Good collisions. Platforms and diagonal slopes. Stored Statistics
Level up with statistics. Health bars. Save system. Gameplay
Basic attack. Self heal. Attack and pull enemies back. Attack and throw enemies in the air. Enemy patrolling area. Enemy getting alerted and starting it's attack stance. Enemy dies and vanishes. Platform jump puzzle. Live cut scenes. Essential Rooms
Zoning to a new room. Loading rooms. Menu with sounds. Game over room. (Randomized rooms). (Pick who you want to play room). Continue room. Pick a room to play again room. Text Dialogue
Interacting with NPC displays a message. Ending conversation with a key press. Text typing itself. Fast forwarding text with a key hold. Next text message with a key press. Integrations
By Dr. Michael Garbade
Are you considering developing a mobile game? If you want to be successful, you should avoid making the most common mistakes. Trying to build a game without figuring out the right approach is a recipe for disaster.
There are experienced developers like MyIsaak from Sweden, an expert in C# and Unity game development who frequently livestreams his Diablo III Board game development process.
The more you learn from professionals like him, who have gone through the processes, the faster you can avoid making the common game development mistakes.
Here are the top 5 game developments mistakes to avoid.
1. Ignoring the target group
Creating a game without properly studying your target group is a huge barrier that will keep it from being downloaded and played.
Who are you building the game for? What are their main interests? What activities do they like participating in? Can the target group afford the gaming app? Does your target audience use iOS or Android operating system?
Seeking answers to the above questions and others can assist in correctly identifying your target group. Consequently, you can design its functionalities around their preferences.
Just like an ice cream vendor is likely to set up shop at the beach during summer, you should focus on consumers whose behaviors are likely to motivate them to play your game.
For example, if you want to create a gun shooting game, you can target college-educated men in their 20s and 30s, while targeting other demographic groups secondarily.
2. Failure to study the competitors
To create a successful game that will increase positive reviews and retention, you should analyze the strengths and weaknesses of your competitors.
Studying your competition will allow you to understand your capabilities to match or surpass the consumer demand for your mobile or web-based game.
If you fail to do it, you will miss the opportunity to fill the actual needs in the gaming industry and correct the mistakes made by the developers in your niche.
You should ask questions like “What is their target audience?” “How many downloads do their gaming app receive per month?” “What resources do they have?”.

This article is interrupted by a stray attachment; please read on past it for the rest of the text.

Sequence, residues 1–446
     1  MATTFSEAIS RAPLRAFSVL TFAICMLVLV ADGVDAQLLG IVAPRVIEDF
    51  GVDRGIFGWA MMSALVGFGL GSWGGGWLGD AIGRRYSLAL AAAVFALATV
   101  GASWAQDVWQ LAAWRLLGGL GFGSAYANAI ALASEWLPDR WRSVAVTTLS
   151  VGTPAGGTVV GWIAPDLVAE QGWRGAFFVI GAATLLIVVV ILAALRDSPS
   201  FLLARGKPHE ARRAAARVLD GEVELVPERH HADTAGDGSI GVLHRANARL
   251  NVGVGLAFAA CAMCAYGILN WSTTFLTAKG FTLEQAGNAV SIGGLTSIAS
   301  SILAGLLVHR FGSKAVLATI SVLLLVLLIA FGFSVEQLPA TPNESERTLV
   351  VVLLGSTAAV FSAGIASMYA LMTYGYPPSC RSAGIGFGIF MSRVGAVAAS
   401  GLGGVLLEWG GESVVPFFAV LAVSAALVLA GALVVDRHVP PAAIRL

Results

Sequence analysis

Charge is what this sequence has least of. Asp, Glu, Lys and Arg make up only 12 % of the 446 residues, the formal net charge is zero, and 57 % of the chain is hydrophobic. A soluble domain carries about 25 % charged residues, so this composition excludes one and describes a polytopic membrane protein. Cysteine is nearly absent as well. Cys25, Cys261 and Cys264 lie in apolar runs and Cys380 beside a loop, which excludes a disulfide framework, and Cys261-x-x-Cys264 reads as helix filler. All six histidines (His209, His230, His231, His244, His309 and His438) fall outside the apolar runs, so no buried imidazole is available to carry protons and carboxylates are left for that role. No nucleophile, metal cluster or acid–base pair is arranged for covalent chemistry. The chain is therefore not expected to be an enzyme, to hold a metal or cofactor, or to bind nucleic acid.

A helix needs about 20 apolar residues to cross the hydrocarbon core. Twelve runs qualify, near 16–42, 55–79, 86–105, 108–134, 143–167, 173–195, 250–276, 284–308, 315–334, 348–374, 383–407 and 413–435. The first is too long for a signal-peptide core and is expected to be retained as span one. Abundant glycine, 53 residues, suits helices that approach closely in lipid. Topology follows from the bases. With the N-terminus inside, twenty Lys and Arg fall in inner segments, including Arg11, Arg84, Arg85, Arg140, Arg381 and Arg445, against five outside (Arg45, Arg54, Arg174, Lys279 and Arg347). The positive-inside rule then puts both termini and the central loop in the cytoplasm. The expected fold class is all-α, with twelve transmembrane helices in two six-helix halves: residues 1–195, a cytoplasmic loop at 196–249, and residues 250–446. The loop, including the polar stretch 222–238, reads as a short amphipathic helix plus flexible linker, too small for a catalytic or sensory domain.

Answering such questions will give you a good idea of the abilities of your competition, the feasibility of competing with them, and the kind of strategies to adopt to out-compete them.
Importantly, instead of copying the strategies of your competitors, develop a game that is unique and provides an added value to users.
3. Design failure
When building a mobile or a web-based game, it’s essential that you employ a unique art style and visually appealing design—without any unnecessary sophistication. People are attracted to games based on the user interface design and intuitiveness.
So, instead of spending a lot of time trying to write elegant and complicated lines of code, take your time to provide a better design.
No one will download a game because its code is beautiful. People download games to play them. And, the design of the game plays a critical part in assisting them to make the download decision.
4. Trying to do everything
If you try to code, develop 3D models, create animations, do voice-overs—all by yourself—then you are likely to create an unsuccessful game.
The secret to succeeding is to complete tasks that align with your core competencies and outsource the rest of the work. Learn how to divide your work to other experts and save yourself the headaches.
You should also avoid trying to reinvent the wheel. Instead of trying to do everything by yourself, go for robust tools available out there that can make your life easier.
Trying to build something that is already provided in the open source community will consume a lot of your development time and make you feel frustrated.
Furthermore, do not be the beta tester of your own game. If you request someone else to do the beta testing, you’ll get useful outside perspective that will assist in discovering some hidden issues.
5. Having unrealistic expectations
Unrealistic expectations are very dangerous because they set your game development career up for failure. Do not put your expectations so high such that you force somethings to work your way.
For example, dreaming too big can make you include too many rewards in your game. As much as rewards are pivotal for improving engagement and keeping users motivated, gamers will not take you seriously if you incorporate rewards in every little achievement they make.
Instead, you should select specific rewards for specific checkpoints; this way, the players will feel that they’ve made major milestones.
The mistakes discussed in this article have made several game developers to be unsuccessful in their careers. So, be cautious and keep your head high so that you don’t fall into the same trap.
The best way to avoid making the common mistakes is through learning how to build games from the experts.
Who knows? You could develop the next big game in the industry.